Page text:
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JDK-4455041 : AWT code causes images in a Powerpoint doc to disappear

Details
Type:
Bug
Submit Date:
2001-05-06
Status:
Resolved
Updated Date:
2002-07-09
Project Name:
JDK
Resolved Date:
2002-04-04
Component:
client-libs
OS:
windows_2000
Sub-Component:
java.awt
CPU:
x86
Priority:
P4
Resolution:
Fixed
Affected Versions:
1.3.0,1.4.1
Fixed Versions:
1.3.1_05 (05)

Related Reports
Backport:
Duplicate:

Sub Tasks

Description

Name: boT120536			Date: 05/06/2001


java version "1.3.0"
Java(TM) 2 Runtime Environment, Standard Edition (build 1.3.0-C)
Java HotSpot(TM) Client VM (build 1.3.0-C, mixed mode)

1. compile the following code:

import java.awt.*;

public class testawt3 extends java.awt.Frame {

    Image backImg;
    
    public testawt3() {
    }
    
    public void paint(Graphics g) {
	try {
	    Dimension dim = getSize();
	    
	    if (backImg == null) {
		backImg = createImage(dim.width, dim.height);
	    } else if ((backImg.getWidth(null) != dim.width) ||
		       (backImg.getHeight(null) != dim.height))
		{
		    backImg.flush();
		    backImg = createImage(dim.width, dim.height);
		}
     
	    if (backImg != null) {
	     	Graphics bg = backImg.getGraphics();
	     	try {
		    System.out.println("no super paint\n");
		    // super.paint(bg);

		    System.out.println("yes draw image\n");
	     	    g.drawImage(backImg, 0, 0, null);  // this is the line that
		    // is causing the problem
		    
		} finally {
		    bg.dispose();
		}
	    }
	         
	    return;
	} catch (Exception e) {
              // running on Solaris
              // sometimes Windows AWT throws NPE on drawImage()
          }
    }
    
    public static void main(String args[]) {
	System.out.println("testawt3\n");

	testawt3 test = new testawt3();
	test.show();
    }
}
 

2. Put these script in a batch file call testawt3.bat

REM -- This is for debugging only --
@set JDK12HOME=c:\\jdk1.3.1
%JDK12HOME%\jre\bin\java testawt3 %1% %2% %3% %4% %5% %6% %7% %8% %9%

3. Run this file as a Windows Service, to set it up follow the step

4. Get instsrv.exe and srvany.exe (part of the NT-resource kit)
5. Put srvany.exe in the txguardian directory
6. Run instsrv.exe like this:

instsrv testawt3 <testawt3-directory>\srvany.exe

4. Edit the registry, add a subkey called Parameters in

HKEY_Local_Machine\SYSTEM\CurrentControlSet\Services\testawt3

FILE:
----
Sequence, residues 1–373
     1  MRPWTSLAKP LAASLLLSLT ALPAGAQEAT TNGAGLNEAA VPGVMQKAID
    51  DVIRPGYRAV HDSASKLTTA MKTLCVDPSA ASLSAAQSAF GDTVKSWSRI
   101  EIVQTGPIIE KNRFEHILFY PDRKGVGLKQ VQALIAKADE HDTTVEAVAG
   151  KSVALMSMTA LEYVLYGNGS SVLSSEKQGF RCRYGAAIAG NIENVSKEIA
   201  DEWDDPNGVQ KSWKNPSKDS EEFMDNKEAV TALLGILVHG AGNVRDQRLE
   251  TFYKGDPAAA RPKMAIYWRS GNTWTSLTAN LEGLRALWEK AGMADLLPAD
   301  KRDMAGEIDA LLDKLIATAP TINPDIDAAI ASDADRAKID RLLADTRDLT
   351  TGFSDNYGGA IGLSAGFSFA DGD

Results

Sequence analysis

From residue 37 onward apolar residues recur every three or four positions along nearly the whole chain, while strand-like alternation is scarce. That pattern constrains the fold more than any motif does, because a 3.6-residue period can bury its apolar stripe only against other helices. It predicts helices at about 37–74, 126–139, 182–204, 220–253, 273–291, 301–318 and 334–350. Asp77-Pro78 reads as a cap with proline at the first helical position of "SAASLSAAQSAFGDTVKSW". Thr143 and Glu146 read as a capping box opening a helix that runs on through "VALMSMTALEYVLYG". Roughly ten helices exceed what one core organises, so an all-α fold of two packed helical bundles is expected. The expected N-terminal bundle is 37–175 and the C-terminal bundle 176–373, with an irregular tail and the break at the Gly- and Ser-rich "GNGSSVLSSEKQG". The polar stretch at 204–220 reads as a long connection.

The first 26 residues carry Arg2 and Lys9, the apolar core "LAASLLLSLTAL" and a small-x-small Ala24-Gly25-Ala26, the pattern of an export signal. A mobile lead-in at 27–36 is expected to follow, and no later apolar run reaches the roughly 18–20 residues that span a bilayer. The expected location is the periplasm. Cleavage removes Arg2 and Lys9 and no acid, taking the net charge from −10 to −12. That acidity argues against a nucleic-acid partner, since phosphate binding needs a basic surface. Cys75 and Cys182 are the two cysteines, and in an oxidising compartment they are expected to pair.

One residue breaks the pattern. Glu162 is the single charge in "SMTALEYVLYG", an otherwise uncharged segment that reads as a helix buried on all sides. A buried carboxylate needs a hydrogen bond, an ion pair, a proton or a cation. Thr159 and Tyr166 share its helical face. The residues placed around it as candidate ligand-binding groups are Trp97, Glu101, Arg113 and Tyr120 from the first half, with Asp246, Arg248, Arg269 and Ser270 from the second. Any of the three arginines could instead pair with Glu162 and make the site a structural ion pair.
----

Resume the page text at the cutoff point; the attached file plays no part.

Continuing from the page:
then create these string-values in that subkey

Application = c:\winnt\system32\cmd /k
AppParameters = <testawt3-directory>\testawt3.bat
AppDirectory = <testawt3-directory>

5. Start the testawt3 service, a console window should pop up
   then you will see the awt.frame pops up,

6. Resize the frame (that will causes the paint rountine in the testawt3 class
   to execute)

7. Open the Powerpoint document (you will see that some images on the top-right
   are missing)

8. Stop the testawt3 service, close the console window and the testawt3 frame

9. Open the Powerpoint document (you will see that those images that were
missing appears)

If I comment out the "drawImage" call in paint, then
the problem will go out, so I suspect that it is with the dramImage
method. This problem can be easily and consistenly reproduced.
Although sometimes, it will seems to work fine, but if
you reboot the machine then the problem can be reproduce
again consistenly.
(Review ID: 123743) 
======================================================================

Important note:
When installing the service as described above, it is important to change
the properties of the service as follows: In the "LogOn" tab of the properties
dialog for the service, check the "Allow service to interact with desktop".
This allows the program to actually run; without that option checked, the app
does not run and the problem is not apparent.

                                    

Comments
CONVERTED DATA

BugTraq+ Release Management Values

COMMIT TO FIX:
1.3.1_05
hopper

FIXED IN:
1.3.1_05
hopper

INTEGRATED IN:
1.3.1_05
hopper


                                     
2004-06-14
SUGGESTED FIX

------- Win32GraphicsDevice.java -------
*** /tmp/dfaayGa        Wed Mar 13 13:25:59 2002
--- Win32GraphicsDevice.java    Wed Mar  6 14:27:23 2002
***************
*** 52,57 ****
--- 52,58 ----
      private static boolean ddDisabled;
      private static boolean ddUsed;
      private static boolean ddInitialized;
+     private static boolean pfDisabled;
      private static AWTPermission fullScreenExclusivePermission;
  
      static {
***************
*** 59,64 ****
--- 60,74 ----
              new sun.security.action.GetPropertyAction("sun.java2d.noddraw"));
          ddDisabled = (noddraw != null && noddraw.length() > 0 &&